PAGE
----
Politics Explained

What the pullout from Afghanistan means for the US-UK relationship

Joe Biden’s failure to consult allies including the UK before the retreat from Kabul came as a shock to British diplomacy, writes John Rentoul

Sunday 29 August 2021 21:30 BST
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President Biden, defending his decision to cut and run in Afghanistan
President Biden, defending his decision to cut and run in Afghanistan (AFP/Getty)

The importance of the US-UK relationship was an “article of faith” for him, Tony Blair declared in the build-up to the invasion of Iraq. It counted for something, too, even if the end result for Blair was his part in a career-shortening war.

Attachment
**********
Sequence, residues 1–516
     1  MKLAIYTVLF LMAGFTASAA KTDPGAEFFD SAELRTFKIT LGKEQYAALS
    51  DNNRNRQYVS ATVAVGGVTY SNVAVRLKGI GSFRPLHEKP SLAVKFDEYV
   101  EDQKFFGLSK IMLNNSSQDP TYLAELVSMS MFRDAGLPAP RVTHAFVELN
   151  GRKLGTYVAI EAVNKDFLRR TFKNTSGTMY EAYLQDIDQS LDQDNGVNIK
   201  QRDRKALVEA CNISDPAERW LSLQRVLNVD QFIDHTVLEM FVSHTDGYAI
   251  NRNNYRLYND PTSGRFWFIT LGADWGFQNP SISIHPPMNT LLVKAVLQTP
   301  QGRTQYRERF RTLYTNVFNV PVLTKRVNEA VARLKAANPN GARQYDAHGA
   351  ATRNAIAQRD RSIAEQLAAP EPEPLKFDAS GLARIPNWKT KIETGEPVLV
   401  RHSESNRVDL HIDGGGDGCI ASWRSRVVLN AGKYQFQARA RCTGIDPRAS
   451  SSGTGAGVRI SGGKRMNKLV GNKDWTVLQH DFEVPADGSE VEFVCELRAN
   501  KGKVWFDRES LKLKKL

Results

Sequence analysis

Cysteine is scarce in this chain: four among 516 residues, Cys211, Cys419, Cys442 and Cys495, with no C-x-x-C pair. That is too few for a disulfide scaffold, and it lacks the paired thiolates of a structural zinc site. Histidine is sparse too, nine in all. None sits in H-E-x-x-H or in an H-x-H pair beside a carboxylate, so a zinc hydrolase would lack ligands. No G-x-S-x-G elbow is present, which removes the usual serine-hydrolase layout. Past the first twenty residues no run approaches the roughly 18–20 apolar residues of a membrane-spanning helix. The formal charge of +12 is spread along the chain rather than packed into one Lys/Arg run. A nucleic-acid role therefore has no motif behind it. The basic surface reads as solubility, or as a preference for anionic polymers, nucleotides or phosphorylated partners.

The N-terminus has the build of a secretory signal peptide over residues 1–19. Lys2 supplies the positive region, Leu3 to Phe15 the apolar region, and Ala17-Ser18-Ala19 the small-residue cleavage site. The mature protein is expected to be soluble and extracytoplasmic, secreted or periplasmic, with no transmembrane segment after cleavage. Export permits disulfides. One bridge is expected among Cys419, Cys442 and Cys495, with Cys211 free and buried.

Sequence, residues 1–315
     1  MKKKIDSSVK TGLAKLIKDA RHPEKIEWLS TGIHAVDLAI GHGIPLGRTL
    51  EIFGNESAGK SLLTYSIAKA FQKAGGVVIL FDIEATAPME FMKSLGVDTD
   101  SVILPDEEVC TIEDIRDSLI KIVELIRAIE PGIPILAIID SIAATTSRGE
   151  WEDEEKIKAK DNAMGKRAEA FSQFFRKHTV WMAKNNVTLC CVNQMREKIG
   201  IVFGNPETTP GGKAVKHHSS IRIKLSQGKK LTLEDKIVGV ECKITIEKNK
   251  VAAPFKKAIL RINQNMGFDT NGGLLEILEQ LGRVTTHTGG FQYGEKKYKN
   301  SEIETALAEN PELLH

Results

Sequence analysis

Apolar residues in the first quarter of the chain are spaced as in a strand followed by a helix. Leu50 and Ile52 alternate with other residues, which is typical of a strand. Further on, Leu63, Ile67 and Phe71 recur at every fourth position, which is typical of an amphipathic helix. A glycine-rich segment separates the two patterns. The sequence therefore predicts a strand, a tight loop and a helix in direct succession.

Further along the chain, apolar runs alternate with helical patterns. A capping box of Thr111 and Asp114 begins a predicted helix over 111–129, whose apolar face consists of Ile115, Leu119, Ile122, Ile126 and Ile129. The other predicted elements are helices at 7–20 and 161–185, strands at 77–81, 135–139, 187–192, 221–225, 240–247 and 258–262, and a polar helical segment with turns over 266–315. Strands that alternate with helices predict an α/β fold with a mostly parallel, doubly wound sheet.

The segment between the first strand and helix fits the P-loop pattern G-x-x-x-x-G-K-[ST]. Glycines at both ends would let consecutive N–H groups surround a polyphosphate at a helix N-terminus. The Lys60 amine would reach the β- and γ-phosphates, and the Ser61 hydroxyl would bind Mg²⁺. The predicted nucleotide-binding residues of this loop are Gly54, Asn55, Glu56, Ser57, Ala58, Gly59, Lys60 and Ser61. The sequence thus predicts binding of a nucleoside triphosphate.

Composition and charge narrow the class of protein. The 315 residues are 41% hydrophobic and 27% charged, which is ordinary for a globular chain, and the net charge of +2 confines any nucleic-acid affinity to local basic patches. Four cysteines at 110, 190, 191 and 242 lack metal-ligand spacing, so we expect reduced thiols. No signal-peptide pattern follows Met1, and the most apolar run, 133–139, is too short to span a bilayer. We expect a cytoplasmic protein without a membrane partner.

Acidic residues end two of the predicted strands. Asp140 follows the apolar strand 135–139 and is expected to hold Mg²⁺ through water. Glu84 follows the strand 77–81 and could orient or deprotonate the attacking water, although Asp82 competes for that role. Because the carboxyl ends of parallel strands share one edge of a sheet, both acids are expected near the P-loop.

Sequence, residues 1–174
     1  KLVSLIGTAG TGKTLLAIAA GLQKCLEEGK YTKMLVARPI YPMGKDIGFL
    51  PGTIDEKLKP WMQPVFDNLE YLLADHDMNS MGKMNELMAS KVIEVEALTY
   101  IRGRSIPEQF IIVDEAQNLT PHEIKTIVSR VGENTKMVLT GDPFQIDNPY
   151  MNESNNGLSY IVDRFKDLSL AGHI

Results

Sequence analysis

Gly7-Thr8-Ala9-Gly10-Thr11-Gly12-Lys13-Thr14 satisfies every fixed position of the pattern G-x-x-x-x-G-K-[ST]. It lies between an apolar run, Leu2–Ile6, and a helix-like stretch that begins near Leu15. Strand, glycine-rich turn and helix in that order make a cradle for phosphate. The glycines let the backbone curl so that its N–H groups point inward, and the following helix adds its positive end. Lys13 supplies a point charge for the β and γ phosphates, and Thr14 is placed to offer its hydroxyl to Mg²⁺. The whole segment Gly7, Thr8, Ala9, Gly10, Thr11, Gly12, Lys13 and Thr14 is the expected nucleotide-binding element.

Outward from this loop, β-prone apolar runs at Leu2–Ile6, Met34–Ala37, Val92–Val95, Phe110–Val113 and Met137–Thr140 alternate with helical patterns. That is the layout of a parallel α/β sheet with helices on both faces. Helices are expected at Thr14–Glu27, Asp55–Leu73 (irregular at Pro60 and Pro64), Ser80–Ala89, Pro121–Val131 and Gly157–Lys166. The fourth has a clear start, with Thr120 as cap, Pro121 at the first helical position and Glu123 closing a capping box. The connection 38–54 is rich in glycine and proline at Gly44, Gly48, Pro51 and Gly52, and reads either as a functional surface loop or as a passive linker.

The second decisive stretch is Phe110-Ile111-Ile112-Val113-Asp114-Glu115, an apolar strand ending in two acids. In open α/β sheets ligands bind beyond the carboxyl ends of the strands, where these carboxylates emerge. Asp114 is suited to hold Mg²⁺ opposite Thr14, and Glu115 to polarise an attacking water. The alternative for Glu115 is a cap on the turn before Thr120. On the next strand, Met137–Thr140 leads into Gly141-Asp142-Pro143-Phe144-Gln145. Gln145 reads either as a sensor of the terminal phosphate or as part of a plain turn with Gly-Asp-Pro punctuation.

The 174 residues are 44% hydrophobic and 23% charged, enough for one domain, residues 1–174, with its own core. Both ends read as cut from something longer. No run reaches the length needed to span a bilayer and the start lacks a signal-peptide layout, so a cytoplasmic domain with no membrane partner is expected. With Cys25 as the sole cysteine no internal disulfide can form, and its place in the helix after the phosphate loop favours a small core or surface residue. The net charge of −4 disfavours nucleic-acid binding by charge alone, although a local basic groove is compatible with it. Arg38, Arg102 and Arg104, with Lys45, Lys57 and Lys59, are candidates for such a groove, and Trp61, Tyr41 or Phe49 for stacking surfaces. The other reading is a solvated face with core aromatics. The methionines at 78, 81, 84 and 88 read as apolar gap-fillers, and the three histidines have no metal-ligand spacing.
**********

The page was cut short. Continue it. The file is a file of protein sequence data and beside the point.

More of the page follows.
Blair’s immediate response to the 9/11 attacks on the US, promising to stand “shoulder to shoulder” with our ally, and making a case for the collective global response that the inarticulate George W Bush could not, earned him a great deal of credit in the White House.

Despite Blair’s critics deriding him as Bush’s poodle, he secured significant influence over US policy, persuading Bush to do things he would not otherwise have done.

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